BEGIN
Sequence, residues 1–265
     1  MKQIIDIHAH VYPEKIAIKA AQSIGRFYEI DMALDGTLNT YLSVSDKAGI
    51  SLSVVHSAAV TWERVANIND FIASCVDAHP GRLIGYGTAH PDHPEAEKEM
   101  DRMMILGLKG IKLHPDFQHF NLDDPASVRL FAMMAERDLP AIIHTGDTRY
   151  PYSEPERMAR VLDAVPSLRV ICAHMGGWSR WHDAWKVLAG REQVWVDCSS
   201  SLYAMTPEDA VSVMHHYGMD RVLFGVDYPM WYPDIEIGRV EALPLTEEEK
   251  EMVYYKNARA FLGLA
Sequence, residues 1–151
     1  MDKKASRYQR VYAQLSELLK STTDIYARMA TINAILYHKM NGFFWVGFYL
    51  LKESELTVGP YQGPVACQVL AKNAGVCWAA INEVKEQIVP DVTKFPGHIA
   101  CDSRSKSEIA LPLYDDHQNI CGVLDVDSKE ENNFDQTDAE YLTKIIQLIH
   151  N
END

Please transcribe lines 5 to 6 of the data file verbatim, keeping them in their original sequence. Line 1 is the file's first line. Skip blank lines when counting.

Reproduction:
   151  PYSEPERMAR VLDAVPSLRV ICAHMGGWSR WHDAWKVLAG REQVWVDCSS
   201  SLYAMTPEDA VSVMHHYGMD RVLFGVDYPM WYPDIEIGRV EALPLTEEEK